#Ableism, Unnoticed Mass Incarceration & The Need for Community Living

05/13/2016 04:01 pm ET Updated Dec 06, 2017

What is your definition of mass incarceration? It is likely much broader than you think, affecting more segments of our communities. We traditionally think of incarceration as being people who are behind bars because they have been convicted of a crime. However, mass incarceration is not just about America's long overdue need for criminal justice reform. It's also happening on a massive scale to people with disabilities who haven't done anything wrong.

As page one of The New York Times recently pointed out, there are thousands of people with disabilities being held against their will in nursing homes and other institutions in South Dakota. And tragically, this is not just happening in South Dakota, where the Department of Justice is rightfully asking serious questions. It's happening all over.

Read this story by NPR's Joe Shapiro on Rosa Hendrix, an 88-year-old woman who said, in her own words, she got "stuck" in a nursing home for six years. "A home means to me where you are not in prison. Where you don't have to have somebody to tell you what you can do, when you can do it and how you can do it," she says. People with disabilities who are trapped in nursing homes did not do anything wrong. So why are they essentially imprisoned?

This type of institutional bias is in part because of Ableism, when able-bodied people think that people who have disabilities are somehow less human, less valuable, and less capable than others. That is why some people think it's alright to take away the rights of an individual with a disability to live in the community of their choice. Stripping people of their rights needs to stop now. But how?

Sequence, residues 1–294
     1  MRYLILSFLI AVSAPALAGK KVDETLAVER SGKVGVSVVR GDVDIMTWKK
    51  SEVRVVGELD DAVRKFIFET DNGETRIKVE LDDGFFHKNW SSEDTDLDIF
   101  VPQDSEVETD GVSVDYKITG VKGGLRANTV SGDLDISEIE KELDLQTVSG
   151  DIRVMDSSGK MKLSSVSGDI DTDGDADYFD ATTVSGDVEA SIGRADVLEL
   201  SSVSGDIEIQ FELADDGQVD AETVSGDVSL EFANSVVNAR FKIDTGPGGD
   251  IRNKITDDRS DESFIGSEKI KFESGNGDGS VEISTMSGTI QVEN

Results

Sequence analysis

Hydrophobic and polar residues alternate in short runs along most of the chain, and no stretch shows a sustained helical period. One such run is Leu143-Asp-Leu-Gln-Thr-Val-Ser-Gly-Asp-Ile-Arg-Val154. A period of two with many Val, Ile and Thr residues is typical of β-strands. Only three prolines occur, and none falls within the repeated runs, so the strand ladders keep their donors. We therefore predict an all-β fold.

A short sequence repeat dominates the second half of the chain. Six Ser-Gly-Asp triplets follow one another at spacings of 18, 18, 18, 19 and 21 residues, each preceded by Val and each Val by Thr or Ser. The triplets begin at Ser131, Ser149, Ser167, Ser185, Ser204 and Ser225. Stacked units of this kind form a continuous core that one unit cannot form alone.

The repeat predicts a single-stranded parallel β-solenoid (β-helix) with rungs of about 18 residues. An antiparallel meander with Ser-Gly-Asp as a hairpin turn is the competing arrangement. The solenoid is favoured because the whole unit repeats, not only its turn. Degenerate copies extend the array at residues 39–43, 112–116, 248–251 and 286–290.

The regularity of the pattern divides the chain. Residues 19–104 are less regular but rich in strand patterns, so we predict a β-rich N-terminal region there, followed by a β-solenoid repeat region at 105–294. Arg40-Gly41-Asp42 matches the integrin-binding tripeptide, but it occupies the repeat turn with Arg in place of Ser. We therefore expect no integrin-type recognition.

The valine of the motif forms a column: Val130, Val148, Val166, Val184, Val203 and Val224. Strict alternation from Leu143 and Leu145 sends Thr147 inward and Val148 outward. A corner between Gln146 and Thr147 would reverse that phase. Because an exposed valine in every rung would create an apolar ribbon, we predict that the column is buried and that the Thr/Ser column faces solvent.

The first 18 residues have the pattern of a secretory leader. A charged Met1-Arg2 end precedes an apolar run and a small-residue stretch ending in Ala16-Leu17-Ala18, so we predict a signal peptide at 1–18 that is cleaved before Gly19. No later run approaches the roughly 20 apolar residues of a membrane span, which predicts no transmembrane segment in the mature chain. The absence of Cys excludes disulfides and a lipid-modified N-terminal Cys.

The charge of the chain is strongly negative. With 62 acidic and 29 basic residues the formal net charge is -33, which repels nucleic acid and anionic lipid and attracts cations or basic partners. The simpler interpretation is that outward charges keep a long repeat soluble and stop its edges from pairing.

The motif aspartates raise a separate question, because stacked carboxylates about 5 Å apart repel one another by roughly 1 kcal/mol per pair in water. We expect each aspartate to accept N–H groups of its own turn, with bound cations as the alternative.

Interestingly, South Dakota Governor Dennis Daugaard, who was raised by Deaf parents, is a real champion for people with disabilities. Our group has frequently praised his outstanding work on employment for people with disabilities. Indeed, South Dakota has the highest employment rate for people with disabilities in America and their Ability for Hire campaign shines a spotlight on the talents of employees with disabilities. We know that the Governor can bring his imagination and implementation skills to make this situation better as well. The U.S. Department of Justice actions will focus much needed attention to the issue of forced institutionalization, and I have no doubt that South Dakota leaders are up to the challenge.

Enabling people to stay in their own homes and communities as long as possible is the right thing to do, and it also can also be much LESS EXPENSIVE than putting people in 24 hour a day staffed nursing facilities. Inclusion means keeping people with disabilities in their natural environment -- with their family and friends.
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Putting thousands of people with disabilities (including young people) in nursing homes is a triple affront to decency as it:
  • robs people with disabilities of their basic rights and dignity
  • breaks apart families and other loved ones
  • can cost taxpayers way more money

There are organizations out there doing important work. For instance, ADAPT is working with Senator Schumer and others on passing the Disability Integration Act (DIA), which has been endorsed both by both former Secretary of State Hillary Clinton and Senator Bernie Sanders. The DIA still needs Republican support to move forward. Groups such as the Bazelon Center and AARP are also doing very important work on these issues. It is extremely important to do all we can to enable people with disabilities to be as integrated into the community as they want to be. The key is making real choices possible.